The USDA Providing Free Fruits and Vegetables Pays Off
IN THIS ISSUE: According to a recent study from the University of Arkansas Division of Agriculture, elementary schools across the state of Arkansas that participated in the U.S. Department of Agriculture’s (USDA) Fresh Fruit and Vegetable Program (FFVP) experienced a significant drop in obesity rates. Specifically, the study found that obesity rates in schoolchildren declined from 20 percent to 17 percent following the incorporation of the program.
While earlier studies have shown that the program has led to improvements in fruit and vegetable consumption, this is the first to examine the role of FFVP in preventing excess weight gain. Read more here.
Articles in This Issue:
- USDA Program Offering Free Fruits and Veggies Pays Off
- Schools Benefiting from Healthier Meals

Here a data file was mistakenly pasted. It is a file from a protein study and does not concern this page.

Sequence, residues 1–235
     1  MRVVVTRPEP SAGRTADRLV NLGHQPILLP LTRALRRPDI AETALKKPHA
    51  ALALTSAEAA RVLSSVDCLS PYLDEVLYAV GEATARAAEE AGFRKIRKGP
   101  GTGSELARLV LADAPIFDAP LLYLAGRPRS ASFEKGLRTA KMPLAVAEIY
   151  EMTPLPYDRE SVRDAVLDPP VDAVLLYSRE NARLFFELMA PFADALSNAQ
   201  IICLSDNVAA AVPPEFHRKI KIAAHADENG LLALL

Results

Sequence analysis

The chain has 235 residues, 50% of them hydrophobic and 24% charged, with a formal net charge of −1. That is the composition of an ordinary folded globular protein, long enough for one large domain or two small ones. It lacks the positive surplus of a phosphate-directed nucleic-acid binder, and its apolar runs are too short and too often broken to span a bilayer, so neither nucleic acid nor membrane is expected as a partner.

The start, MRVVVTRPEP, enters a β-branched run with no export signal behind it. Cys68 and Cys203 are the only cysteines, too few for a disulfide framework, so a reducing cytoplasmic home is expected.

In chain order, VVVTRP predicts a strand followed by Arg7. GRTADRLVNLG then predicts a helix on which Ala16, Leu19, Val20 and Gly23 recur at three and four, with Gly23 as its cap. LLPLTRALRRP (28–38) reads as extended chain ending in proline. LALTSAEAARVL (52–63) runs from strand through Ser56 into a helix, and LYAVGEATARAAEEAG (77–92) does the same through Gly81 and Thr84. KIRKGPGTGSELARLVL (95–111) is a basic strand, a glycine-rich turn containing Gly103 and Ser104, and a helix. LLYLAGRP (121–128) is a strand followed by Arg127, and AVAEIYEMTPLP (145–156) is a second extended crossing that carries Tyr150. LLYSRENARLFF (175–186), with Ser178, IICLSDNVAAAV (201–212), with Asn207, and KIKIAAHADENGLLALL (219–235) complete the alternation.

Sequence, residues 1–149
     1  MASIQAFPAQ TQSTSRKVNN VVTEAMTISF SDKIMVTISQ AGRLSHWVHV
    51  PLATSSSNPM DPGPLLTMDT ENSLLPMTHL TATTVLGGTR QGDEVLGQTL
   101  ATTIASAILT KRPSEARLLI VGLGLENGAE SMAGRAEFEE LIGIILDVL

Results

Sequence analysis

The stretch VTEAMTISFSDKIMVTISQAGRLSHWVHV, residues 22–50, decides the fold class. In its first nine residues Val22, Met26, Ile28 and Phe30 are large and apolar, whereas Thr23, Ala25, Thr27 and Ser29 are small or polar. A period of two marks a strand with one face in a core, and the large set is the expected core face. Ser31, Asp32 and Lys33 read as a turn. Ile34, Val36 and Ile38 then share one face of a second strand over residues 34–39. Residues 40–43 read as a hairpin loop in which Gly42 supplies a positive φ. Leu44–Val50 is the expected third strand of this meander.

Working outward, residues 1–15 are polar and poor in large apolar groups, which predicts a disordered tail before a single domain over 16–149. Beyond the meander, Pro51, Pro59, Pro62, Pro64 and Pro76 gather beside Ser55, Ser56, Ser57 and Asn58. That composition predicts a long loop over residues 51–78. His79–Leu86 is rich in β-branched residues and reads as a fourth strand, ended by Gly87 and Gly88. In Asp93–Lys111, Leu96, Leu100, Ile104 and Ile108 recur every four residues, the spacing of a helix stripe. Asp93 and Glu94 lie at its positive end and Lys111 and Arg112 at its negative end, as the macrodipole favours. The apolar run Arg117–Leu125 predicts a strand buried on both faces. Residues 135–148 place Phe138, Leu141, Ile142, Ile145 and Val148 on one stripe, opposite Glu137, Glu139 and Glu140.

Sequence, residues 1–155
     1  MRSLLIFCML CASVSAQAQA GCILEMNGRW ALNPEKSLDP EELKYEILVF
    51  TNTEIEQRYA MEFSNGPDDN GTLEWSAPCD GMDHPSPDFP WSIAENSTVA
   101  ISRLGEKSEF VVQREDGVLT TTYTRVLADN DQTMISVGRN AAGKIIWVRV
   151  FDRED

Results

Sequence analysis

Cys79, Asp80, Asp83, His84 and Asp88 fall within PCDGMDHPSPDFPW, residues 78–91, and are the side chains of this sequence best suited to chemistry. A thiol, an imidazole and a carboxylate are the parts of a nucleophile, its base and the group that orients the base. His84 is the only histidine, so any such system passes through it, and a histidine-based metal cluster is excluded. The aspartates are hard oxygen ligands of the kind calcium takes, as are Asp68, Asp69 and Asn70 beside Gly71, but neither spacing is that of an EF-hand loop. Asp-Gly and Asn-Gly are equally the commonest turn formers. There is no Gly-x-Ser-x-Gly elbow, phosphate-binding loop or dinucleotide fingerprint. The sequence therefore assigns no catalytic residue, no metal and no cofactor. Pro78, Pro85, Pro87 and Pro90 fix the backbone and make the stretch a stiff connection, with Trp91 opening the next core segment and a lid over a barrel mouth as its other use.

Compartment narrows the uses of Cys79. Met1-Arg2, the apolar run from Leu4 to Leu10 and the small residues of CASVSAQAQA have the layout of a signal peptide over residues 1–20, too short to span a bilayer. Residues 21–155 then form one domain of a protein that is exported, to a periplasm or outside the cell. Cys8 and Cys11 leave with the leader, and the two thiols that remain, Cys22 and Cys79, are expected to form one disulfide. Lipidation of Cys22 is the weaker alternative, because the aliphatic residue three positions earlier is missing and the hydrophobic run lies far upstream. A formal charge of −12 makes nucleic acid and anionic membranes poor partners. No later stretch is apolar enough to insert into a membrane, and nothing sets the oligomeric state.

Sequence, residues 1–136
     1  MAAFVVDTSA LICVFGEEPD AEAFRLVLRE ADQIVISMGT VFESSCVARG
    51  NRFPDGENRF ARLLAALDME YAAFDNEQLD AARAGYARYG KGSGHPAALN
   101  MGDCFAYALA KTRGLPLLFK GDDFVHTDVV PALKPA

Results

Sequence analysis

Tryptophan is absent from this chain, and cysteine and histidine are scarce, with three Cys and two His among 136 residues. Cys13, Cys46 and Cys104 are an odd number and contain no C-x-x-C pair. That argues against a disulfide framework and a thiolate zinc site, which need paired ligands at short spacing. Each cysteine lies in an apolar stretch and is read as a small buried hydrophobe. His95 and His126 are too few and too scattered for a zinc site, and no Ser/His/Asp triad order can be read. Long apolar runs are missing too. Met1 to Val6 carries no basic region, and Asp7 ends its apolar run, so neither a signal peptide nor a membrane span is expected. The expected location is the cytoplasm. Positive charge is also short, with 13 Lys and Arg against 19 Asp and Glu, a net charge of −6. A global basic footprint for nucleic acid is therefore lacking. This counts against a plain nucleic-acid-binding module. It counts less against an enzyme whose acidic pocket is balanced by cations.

- American Heart Association and Aramark Partnership Set to Impact 2 Billion Meals Annually
- Park Rx Program Provides Alternative to Medication for Weight Loss
- APHA Hosts Webinars Discussing Solutions to Health Disparities Caused by Racism
- Jessica Donze Black from Pew Offers Her Thoughts on the Congressional School Nutrition Hearing
Big Changes for SNAP Recipients in New YorkAugust 2015
IN THIS ISSUE: Thanks to the New York governor, Supplemental Nutrition Assistance Program (SNAP) recipients now have access to healthy, fresh foods year-round as well as financial incentives to make healthier food choices.&n
What Influences Supermarket Decisions? A New Video Helps ExplainJuly 2015
IN THIS ISSUE: Although shoppers make the ultimate decisions about what foods and beverages to purchase at the supermarket, their choices are influenced by a number of subtle marketing techniques, as illustrated by a new whiteboard lecture c
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IN THIS ISSUE: According to a recent study from the University of Arkansas Division of Agriculture, elementary schools across the state of Arkansas that participated in the U.S.
Safe Routes to School projects can keep kids safe and healthy. Your state transportation leader has the power to prioritize Safe Routes to School project funding—or to take funding away.